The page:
For once, entertainers gather and judges bestow awards, but big-brand marketing is conspicuously absent.
It is an uncomfortable reality of the modern communal spectacle that more often than not, when it comes to a major award show or performance extravaganza or even sporting event, marketing has overwhelmed personal expression — at least when it comes to the clothes. Red carpets are a big business for public personalities, and fear of looking silly an equally powerful deterrent. Brands have swooped in to exploit that tension to their own ends.
We wrote off the Oscars years ago, but when even the MTV Video Awards and the Olympics become hashtag opportunities for Valentino, Giambattista Valli and Ralph Lauren (among many, many others), you know we’ve reached peak fashion penetration.
Which is why Eurovision 2021, that no-holds-barred mash-up of emotion, inanity, genres, nationalities, wind machines, bursts of fire and just plain weirdness, was such a joy to watch.
The hosts didn’t just use “Open Up” as their official slogan and then open the arena in Rotterdam to thousands of people (thousands of people! in one room! yelling and dancing!). They opened up the stage to a parade of ridiculous outfits that were nevertheless worn with so much exuberance it was a great reminder that sometimes just the freedom to express your own taste should be the goal.
The sheer fact that Italy’s Maneskin, the winner of the whole shebang, actually worked with a big-name designer and no one would ever know because the rock band’s identity completely overshadowed the fashion brand, is symptomatic of what makes Eurovision special. And, increasingly, unique.
That designer — Etro — is, after all, an Italian family-run brand that has made a signature out of a certain boho deluxe aesthetic, most often expressed in floaty paisley fabrics and a sort of sand-swept romance. Yet there Maneskin was, doing their very energetic best to revive the whole idea of glam rock in laminated laced-up leather flares and studded leather jackets, and gold-speckled poet’s sleeves. It did make you think Jimi Hendrix-meets-“Velvet Goldmine,” but it didn’t make you think “Milan Fashion Week.”
That’s actually all to the good. Indeed, by the end of the show, it was hard not to wish that along with the winning song, viewers had gotten to vote for the winning outfit. After all, the two are fairly intertwined.
If Italy won the competition, for example, Vegas-style silver clearly won the night. Spangly, abbreviated shine was the go-to performance look, as seen on Anxhela Peristeri from Albania (in a high-necked steel-sequined leotard with icicles of sparkles dripping from her hips and shoulders); Elena Tsagrinou from Cyprus (in some sort of halter neck bikini confection with crystals and beading); Destiny from Malta (silver fringe-y minidress); and Natalia Gordienko from Moldova (long-sleeved plunge-neck bodysuit with — yup! — more silver fringing).
Apparently, their costume designers had all watched last year’s satire, “Eurovision Song Contest: The Story of Fire Saga,” and been inspired to take it literally.
Though the bright yellow outfits of Lithuania’s the Roop, which combined shoulder pads, jumpsuits, and schoolgirl pleats and called to mind the early days of MTV, not to mention both New Wave silhouettes and sunny-side-up eggs, were equally hard to forget. There’s a reason that they caught the eye of supporters in Vilnius, who according to a local government blog enlisted MK Drama Queen, the brand that created the costumes for the Roop to help dress local statues in bright yellow accessories as a form of home-country boosterism.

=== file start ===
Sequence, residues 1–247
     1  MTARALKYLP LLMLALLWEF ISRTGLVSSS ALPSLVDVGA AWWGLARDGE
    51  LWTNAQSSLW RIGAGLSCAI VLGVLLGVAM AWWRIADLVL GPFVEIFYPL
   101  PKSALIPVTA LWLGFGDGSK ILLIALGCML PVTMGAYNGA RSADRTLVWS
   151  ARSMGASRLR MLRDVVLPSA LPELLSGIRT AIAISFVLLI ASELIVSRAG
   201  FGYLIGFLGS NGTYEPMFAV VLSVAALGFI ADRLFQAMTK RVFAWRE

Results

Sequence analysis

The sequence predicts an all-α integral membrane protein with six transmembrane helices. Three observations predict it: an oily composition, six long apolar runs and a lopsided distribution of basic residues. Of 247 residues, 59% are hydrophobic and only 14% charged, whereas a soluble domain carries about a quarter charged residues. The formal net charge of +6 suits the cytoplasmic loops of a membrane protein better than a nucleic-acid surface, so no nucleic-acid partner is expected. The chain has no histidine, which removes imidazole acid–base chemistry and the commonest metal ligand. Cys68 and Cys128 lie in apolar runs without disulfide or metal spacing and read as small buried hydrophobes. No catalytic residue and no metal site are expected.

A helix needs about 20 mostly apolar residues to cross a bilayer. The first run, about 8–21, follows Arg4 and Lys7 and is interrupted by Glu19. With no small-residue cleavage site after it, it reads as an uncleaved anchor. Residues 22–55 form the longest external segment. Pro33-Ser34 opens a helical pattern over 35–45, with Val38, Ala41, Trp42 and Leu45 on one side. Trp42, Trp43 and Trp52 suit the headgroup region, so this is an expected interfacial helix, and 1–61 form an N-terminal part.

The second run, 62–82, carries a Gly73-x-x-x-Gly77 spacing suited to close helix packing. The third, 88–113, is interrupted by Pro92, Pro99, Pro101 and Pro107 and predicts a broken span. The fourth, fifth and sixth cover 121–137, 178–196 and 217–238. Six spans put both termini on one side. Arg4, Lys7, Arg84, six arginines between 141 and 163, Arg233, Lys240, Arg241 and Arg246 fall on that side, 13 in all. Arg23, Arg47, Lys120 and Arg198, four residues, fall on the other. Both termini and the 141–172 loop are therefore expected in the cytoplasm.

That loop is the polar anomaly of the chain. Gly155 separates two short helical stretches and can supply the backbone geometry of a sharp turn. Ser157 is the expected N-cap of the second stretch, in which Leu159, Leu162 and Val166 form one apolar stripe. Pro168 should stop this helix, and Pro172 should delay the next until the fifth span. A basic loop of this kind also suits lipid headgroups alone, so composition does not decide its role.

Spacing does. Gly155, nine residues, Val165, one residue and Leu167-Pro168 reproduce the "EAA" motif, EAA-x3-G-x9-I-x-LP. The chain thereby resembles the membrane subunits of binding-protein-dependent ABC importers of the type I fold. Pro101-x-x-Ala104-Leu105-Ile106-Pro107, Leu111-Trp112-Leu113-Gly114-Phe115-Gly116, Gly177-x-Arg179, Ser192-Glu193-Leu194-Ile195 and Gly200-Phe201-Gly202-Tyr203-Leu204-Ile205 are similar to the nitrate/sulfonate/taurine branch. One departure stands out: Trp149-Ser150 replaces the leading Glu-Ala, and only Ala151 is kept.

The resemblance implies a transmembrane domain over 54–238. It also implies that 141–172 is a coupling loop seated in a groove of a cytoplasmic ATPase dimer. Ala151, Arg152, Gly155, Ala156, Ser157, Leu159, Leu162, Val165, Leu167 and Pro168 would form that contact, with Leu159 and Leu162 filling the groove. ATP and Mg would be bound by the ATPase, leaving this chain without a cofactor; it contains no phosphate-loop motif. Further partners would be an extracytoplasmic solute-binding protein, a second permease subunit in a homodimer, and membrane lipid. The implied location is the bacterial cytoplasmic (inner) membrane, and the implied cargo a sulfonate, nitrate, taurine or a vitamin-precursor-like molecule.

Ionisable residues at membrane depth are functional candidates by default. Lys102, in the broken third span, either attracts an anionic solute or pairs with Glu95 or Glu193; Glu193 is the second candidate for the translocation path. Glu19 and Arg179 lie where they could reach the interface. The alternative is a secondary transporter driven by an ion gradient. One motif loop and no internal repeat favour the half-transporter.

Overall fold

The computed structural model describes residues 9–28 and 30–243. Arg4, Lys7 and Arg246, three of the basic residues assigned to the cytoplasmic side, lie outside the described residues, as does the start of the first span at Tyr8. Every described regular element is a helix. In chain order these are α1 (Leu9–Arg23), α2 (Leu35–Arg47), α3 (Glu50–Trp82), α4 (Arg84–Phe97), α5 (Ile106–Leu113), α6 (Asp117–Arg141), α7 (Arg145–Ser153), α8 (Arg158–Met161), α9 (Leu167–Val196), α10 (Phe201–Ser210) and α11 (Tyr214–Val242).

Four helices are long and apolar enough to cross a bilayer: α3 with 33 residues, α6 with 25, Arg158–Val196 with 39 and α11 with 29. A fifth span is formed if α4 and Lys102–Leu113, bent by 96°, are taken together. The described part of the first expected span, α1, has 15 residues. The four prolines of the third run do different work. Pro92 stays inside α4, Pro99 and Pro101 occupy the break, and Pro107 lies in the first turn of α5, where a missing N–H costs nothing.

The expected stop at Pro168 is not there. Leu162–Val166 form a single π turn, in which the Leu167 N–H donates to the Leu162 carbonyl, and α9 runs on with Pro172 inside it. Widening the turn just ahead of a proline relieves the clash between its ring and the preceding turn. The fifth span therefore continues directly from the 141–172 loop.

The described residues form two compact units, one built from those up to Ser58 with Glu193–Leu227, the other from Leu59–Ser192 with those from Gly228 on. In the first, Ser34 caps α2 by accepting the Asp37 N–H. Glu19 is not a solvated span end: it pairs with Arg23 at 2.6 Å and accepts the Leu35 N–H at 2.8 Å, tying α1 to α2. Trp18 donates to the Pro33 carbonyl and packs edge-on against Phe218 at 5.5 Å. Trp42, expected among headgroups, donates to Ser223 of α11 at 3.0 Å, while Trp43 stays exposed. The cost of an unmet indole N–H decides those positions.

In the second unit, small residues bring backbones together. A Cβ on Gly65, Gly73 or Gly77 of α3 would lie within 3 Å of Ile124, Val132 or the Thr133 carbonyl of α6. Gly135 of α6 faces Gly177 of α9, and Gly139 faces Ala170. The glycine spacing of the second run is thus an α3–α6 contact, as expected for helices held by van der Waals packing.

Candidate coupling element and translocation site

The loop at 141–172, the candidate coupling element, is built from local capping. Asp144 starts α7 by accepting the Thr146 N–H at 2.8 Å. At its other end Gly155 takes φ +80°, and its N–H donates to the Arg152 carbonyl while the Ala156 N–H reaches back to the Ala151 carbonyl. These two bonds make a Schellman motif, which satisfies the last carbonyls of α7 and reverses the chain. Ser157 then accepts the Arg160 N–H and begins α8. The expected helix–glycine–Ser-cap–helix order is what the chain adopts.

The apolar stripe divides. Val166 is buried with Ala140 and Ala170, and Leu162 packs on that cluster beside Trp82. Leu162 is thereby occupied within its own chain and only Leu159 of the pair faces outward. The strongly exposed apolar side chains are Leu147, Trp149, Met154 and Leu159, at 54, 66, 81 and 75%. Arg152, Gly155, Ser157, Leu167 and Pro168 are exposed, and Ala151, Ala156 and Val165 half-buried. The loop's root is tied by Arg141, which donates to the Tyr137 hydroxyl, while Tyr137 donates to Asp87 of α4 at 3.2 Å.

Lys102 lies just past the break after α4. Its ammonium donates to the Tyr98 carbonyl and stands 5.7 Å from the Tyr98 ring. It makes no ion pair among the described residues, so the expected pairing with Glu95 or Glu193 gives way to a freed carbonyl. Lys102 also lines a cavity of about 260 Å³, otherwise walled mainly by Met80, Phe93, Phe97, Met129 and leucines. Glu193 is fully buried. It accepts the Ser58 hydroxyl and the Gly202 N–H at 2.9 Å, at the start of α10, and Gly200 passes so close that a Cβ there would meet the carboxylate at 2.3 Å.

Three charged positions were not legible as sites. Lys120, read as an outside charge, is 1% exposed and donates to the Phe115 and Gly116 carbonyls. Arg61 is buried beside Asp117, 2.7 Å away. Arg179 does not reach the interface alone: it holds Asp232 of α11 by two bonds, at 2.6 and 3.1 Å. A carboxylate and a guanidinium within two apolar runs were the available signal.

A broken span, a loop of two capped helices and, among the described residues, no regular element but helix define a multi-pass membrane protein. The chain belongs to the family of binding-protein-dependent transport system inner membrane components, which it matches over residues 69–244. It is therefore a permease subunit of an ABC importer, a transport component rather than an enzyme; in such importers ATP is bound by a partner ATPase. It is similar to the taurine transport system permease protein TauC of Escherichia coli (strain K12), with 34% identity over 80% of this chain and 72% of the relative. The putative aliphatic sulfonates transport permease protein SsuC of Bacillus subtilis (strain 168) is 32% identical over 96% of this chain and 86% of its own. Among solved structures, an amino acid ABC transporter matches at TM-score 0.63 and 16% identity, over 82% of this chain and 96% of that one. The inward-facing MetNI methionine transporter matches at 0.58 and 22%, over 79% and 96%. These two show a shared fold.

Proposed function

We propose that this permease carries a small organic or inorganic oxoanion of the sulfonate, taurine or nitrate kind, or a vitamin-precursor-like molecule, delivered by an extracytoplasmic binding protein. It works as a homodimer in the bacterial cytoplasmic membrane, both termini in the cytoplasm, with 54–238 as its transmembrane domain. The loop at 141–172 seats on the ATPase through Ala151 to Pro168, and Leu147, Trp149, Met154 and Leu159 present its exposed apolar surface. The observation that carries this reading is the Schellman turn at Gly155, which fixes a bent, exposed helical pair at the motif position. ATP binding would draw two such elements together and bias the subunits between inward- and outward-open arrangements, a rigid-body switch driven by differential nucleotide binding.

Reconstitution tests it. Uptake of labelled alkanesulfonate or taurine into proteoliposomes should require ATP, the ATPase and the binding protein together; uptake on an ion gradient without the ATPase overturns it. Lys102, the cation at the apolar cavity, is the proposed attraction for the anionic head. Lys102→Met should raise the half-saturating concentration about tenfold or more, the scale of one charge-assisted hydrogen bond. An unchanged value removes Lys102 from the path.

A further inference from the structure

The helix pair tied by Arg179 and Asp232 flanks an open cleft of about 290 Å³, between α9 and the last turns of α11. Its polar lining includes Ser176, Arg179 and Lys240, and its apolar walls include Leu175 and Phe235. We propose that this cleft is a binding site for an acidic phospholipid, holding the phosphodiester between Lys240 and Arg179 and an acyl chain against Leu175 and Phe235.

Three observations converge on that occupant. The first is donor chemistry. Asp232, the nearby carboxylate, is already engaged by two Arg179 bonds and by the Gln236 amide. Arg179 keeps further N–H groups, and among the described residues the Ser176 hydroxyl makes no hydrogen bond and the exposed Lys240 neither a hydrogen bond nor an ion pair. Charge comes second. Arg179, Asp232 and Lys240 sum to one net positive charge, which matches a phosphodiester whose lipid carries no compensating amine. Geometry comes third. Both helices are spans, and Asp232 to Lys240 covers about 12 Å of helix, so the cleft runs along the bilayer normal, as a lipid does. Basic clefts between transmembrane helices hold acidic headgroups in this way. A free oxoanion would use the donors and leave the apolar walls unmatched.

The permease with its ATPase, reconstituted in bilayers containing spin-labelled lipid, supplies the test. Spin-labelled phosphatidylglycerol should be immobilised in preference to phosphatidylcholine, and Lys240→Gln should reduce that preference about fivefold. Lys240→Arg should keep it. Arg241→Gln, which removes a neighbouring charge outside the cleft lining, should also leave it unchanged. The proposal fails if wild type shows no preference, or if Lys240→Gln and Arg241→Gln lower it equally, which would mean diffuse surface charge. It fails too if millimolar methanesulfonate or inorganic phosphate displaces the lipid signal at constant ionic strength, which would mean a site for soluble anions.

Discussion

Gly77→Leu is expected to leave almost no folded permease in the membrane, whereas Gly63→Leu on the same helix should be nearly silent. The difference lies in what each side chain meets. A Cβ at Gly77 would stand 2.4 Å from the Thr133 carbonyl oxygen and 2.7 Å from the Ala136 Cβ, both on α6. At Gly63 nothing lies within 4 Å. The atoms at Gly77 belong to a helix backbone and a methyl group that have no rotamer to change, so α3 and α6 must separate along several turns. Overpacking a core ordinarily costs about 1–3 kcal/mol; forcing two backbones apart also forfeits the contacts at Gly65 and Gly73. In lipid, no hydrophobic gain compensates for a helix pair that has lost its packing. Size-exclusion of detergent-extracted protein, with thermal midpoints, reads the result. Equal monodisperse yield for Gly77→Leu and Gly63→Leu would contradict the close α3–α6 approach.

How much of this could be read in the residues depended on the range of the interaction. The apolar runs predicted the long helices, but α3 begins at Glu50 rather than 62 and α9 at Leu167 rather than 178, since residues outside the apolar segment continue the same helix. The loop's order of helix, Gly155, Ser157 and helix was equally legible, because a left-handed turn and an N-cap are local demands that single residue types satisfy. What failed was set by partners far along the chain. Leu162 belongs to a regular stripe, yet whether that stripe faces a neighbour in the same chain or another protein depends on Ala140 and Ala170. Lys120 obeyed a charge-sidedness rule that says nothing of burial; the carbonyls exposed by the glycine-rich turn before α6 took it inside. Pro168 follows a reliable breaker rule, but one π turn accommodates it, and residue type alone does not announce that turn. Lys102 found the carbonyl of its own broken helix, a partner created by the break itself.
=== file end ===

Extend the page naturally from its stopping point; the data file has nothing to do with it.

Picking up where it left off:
When it came to camp, however — which is, after all, the signature aesthetic value of Eurovision — no one beat Norway’s Tix. His giant white fur and even more giant white wings took his crystal-studded silver bodysuit to a whole different level, as did the silver chains that bound him to both the Earth (and a couple backup demons gyrating nearby), the better to evoke the point of his song, “Fallen Angel.”
Speaking of angels, feathers were also a key component of the look from San Marino’s Senhit along with a giant gold headdress (along with Flo Rida, who joined her onstage). Which was only outdone in the “how-in-the-world-do-you-move-in-that?” sweepstakes by Russia’s Manizha, who made her entrance in the robes of what looked like a giant matryoshka doll only to answer the question by emerging in the freedom of red coveralls to illustrate the theme of her song, “Russian Woman.”
You couldn’t help but smile at it all, which is the point. Fashion is supposed to be fun. It’s supposed to make you feel good. That’s something everyone needs. That Eurovision hides that under a bushel of kitsch doesn’t make it any less true.
Little wonder no one could muster up any enthusiasm (or votes) for Britain’s James Newman, who donned a … plain leather coat for his number. One of the takeaways of Eurovision 2021 should be that Coco Chanel’s whole “elegance is refusal” stance doesn’t really work in this context. Except, perhaps, when it comes to France’s Barbara Pravi, who took to the stage in a simple black bustier and black trousers to croon her song “Voilà,” winning a rapturous reception from her home market and coming in second in the jury vote.
Given the plaudits, it was hard not to wonder — with a bit of a sinking heart — if, say, a Dior ambassadorship might be in her future.